writeMost likely you tell people you’re a writer. That’s probably the right answer even though it may not be the correct answer. Confused yet? Assuming you said yes, let’s look into whether you should call yourself an author or a writer.

If you’re like me, you don’t particularly care if there is a distinction between the two labels. Who cares, you (and I) ask? I write. I publish. I’m happy.

Technically, at least according to those who spend time debating such things, being a writer and being an author are two different things. Well, maybe. In one camp are the people who differentiate between the two terms based solely on whether you are doing it (writer) or have already done it (author). In other words, a writer is a person who writes; an author is a person who has written.

Too simple? There’s a camp for you. That camp says that a writer is anyone “who writes a book, article, or any literary piece.” An author, on the other hand, is more accomplished; an author “originates the idea, plot, or content of the work being written.” By this definition someone who writes a biography of someone else is a writer, but not an author, even when that biography has been published. So by the this camp’s definition, famed author (or is it writer) David McCollough is merely a writer despite the fact that his Pulitzer Prize-winning book John Adams sold over 1.5 million copies.

Frankly, I’m going with the first camp on this one: McCollough is an author. A published one. A multiple Pulitzer Prize-winning one. ‘Nuff said.

Of course, by this first camp’s definition you can be an author (for works already written, and presumably, published) AND a writer (for works currently being written). If you’re a second camper, well, you have to be more original and write an autobiography. Or if you write a novel you’re good for author since you would have created some original concept, plot, and content, whether you get published or not. The proverbial jury is still out if what you write is fan fiction. Seriously, people, write something original.

This is all so confusing, and in my book, irrelevant. There are people who spend days debating such esoteric topics. I’m not one of them. I’m good with “if you write, you’re a writer; if you’ve been published, you’re an author.”

My definition does differentiate based on the likelihood that some significant amount of people not living in your household will have read your work. There are people who write but their writing literally is never read by anybody (dresser drawer novelists, I’m talking to you). A larger number have work read by some small number of people – family, friends, and stray e-book sales on Amazon. And then there are some small number whose writing has been read by a larger number of people, say like, thousands. [I’ll ignore those who have sold millions of copies because rather than reading this article you’re working on your next million-seller]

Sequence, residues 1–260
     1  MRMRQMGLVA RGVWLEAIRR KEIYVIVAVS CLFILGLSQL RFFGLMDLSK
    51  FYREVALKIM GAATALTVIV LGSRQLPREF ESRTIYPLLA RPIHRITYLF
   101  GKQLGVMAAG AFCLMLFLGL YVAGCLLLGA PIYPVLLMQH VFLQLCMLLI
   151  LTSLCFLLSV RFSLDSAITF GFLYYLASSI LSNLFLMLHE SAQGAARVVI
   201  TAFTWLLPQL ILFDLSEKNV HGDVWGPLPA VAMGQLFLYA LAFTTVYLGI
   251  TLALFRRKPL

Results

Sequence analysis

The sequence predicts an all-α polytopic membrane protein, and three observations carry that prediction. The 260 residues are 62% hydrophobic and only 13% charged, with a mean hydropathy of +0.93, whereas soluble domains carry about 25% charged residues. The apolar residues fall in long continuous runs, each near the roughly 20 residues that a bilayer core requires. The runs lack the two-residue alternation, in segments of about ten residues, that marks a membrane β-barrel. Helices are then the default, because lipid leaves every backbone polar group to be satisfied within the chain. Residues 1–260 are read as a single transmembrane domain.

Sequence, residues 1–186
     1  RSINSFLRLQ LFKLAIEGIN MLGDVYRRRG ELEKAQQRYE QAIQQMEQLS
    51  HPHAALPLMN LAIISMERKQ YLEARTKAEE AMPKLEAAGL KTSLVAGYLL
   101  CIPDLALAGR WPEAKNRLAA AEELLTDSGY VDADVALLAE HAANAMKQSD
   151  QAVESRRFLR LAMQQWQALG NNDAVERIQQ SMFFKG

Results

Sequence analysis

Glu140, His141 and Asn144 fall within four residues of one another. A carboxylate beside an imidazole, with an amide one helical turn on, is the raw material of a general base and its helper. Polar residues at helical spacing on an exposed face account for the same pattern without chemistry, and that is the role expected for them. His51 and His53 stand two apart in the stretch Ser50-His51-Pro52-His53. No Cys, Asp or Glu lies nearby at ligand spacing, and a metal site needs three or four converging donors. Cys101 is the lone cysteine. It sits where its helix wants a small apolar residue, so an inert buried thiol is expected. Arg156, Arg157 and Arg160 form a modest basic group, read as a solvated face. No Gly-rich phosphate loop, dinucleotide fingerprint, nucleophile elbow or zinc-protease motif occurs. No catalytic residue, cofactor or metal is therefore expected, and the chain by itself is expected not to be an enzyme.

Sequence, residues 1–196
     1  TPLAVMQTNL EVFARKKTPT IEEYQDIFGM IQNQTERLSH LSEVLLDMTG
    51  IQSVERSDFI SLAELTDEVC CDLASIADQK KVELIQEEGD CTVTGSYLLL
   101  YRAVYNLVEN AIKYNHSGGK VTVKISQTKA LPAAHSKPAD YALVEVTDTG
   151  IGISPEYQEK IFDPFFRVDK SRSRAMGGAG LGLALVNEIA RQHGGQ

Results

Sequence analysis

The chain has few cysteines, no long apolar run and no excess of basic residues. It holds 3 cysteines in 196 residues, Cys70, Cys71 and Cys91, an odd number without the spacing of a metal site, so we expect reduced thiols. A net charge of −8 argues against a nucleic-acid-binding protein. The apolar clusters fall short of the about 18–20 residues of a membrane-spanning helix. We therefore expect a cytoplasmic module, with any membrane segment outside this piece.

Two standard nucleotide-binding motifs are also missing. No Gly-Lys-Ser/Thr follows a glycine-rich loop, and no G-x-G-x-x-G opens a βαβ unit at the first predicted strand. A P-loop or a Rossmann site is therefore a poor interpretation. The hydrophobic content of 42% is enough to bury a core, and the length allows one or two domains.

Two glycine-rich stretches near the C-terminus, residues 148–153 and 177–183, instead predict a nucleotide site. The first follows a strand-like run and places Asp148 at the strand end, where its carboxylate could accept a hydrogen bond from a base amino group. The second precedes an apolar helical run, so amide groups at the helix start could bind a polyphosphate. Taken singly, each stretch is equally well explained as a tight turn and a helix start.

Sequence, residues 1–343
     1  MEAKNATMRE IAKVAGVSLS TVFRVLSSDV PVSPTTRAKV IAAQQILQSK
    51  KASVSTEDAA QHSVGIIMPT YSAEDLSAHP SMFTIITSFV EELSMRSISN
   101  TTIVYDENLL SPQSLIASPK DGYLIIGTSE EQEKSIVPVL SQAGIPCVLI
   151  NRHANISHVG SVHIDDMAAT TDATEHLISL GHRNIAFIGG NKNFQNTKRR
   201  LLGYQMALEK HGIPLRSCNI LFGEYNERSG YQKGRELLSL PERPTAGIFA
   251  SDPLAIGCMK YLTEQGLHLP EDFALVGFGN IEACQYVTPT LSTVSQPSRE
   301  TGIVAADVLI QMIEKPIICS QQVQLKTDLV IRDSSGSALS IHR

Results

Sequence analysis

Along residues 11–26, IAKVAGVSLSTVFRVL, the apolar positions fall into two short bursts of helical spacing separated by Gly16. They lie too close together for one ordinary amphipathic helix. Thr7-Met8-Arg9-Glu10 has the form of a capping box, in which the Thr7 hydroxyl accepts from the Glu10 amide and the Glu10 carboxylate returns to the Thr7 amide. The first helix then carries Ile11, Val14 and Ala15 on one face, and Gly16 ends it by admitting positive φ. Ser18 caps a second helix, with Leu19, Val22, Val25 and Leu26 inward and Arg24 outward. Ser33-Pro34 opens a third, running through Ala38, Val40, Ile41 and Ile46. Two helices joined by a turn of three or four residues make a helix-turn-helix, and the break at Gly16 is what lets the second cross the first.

Keep in mind that “significant,” “larger,” and “small” are relative terms. The absolute numbers of what constitutes “significant” will depend on many factors. If you’re David McCollough, selling only a million copies might seem a failure. If you’re me, selling in the tens of thousands is not as satisfying as breaking 100,000, but I’ll take it (the average number of copies sold for non-fiction titles is around 3,000). If you’re 95% of all writers, breaking out of the hundreds (or tens) is about all you can hope for.

The bottom line is that whether you consider yourself a writer or an author is pretty much meaningless. All that matters is that you write.

I take that back. Besides writing you have to put it out there for people to read. After all, every writer wants to be read. Don’t be the base of the writer pyramid, put yourself at the tip and give yourself a chance at the roulette wheel.

Now go forth and multiply, er, write. And author.

David J. Kent is an avid science traveler and the author of Lincoln: The Man Who Saved America, in Barnes and Noble stores now. His previous books include Tesla: The Wizard of Electricity (2013) and Edison: The Inventor of the Modern World (2016) and two e-books: Nikola Tesla: Renewable Energy Ahead of Its Time and Abraham Lincoln and Nikola Tesla: Connected by Fate.

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